Abra Logar

Anthro 205

02 June, 2005


Mystery of the First Americans       

            Aside from the film on Africa, this is, strangely enough, my favourite of them all.  Itfs difficult to put my finger on why – there are so many interesting points.  I suppose that itfs the presentation of the enew old stuff;f I love hearing about new discoveries, new theories, things that break the status quo, and change the way we view the world, if only in little ways.

            It was probably also the controversy – much as it hurts my pride to admit it, I like a good train wreck as much as the next morbidly curious bystander, and the events that hovered around Kennewick Man held me more riveted than I would have given them credit for.

            I find myself really siding with the archaeologists and anthropologists in this one – a 9,000 year-old body doesnft belong to anyone.  If it does, well then, do we not have to return the mummies of Egypt to their possible descendants for proper burial?  Or what about the South American and Mezoamerican remains?  Therefs certainly more proof about their descension than there is about the Kennewick Man, or any others of his contemporaries.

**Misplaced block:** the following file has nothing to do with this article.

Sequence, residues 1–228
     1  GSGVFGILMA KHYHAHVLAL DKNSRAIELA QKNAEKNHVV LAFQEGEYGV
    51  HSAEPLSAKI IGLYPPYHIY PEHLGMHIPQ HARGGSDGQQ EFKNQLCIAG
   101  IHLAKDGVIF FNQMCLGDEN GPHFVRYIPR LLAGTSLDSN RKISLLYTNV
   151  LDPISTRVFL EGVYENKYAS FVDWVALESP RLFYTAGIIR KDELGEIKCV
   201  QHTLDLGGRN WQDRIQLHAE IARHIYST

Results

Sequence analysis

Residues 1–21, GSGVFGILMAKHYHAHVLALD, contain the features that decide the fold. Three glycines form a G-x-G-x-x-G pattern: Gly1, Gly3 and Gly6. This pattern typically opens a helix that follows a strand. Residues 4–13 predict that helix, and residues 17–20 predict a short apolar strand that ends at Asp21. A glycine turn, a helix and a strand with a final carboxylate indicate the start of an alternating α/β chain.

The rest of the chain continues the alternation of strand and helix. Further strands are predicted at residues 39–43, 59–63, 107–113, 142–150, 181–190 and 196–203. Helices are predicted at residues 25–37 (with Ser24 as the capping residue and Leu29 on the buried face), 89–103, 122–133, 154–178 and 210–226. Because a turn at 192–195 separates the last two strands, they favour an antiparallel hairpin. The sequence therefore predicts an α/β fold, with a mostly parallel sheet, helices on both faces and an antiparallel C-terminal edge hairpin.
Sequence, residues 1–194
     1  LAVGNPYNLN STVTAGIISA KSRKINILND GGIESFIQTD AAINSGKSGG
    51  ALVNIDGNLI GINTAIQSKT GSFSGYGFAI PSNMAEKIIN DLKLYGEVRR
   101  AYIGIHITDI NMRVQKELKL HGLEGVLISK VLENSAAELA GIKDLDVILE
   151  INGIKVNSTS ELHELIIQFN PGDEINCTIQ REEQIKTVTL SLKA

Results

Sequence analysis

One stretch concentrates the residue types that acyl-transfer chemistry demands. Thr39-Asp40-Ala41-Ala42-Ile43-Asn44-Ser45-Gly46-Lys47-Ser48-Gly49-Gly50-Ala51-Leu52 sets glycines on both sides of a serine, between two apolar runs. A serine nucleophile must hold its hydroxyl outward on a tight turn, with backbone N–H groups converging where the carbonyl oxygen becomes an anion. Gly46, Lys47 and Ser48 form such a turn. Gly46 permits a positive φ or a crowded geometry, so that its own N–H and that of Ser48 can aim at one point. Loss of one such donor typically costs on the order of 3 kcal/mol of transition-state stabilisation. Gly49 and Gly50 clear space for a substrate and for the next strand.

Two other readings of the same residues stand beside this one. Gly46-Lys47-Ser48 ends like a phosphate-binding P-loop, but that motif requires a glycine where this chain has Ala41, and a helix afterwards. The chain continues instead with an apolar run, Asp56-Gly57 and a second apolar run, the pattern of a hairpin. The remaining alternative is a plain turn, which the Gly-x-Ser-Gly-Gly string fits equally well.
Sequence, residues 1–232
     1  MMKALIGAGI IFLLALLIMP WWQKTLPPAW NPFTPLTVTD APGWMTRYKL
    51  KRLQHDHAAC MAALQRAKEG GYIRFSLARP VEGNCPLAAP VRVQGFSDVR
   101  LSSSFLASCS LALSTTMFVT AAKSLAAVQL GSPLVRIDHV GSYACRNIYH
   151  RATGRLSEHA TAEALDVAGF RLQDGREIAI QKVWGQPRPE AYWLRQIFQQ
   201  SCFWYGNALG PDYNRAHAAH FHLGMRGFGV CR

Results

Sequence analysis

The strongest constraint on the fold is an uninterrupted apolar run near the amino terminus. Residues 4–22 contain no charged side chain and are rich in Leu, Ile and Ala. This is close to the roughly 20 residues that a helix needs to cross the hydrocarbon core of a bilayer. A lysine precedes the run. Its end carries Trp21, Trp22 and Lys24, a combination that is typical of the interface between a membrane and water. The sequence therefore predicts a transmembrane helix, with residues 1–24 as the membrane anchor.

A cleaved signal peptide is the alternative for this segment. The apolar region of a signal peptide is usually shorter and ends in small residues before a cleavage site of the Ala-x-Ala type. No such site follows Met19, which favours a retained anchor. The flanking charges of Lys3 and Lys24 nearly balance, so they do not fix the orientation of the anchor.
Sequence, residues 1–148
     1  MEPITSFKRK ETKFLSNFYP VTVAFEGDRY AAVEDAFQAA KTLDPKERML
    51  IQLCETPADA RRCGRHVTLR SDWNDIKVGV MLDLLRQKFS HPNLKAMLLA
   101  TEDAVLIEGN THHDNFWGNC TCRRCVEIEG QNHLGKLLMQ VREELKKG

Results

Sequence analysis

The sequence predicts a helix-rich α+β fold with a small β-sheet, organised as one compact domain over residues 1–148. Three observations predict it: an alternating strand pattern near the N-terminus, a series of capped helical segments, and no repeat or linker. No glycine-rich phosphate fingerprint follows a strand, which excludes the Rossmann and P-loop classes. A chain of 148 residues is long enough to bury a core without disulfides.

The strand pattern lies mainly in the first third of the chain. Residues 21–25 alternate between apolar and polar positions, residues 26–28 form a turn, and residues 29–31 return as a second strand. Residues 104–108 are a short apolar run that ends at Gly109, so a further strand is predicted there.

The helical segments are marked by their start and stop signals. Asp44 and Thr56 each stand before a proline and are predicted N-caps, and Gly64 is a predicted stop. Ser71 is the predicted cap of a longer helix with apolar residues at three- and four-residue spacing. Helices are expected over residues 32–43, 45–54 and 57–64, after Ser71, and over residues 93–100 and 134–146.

The evidence pointed out by the video rather firmly argues against Kennewick Man being an ancestor to modern Native Americans.  Even if he were – it seems to me that the tribe(s) claiming him would want to know more about their ancestry.  I can imagine how frustrating it must be, for archaeologists trying to learn more about the origins of the peoples of the Americas.

            One of the most interesting points that was highlighted, I think, is the tendency of the media to take things out of context.  The facial reconstruction of Kennewick Man found Caucasiod features – the paper said ewhite,f which, as I learned for the first time, are not necessarily the same thing.  Itfs very disheartening to see the way that information is handled by unqualified non-experts, as most members of the media are.

            The other interesting – and cool – thing shown in the video is the skull-casting method used in the case of Spirit Cave Man.  Ifve seen it once or twice before, but itfs still really neat; modern technology is just so sci-fi!  The more ways that we have to do a thing, it seems, the better and more accurate results we can get.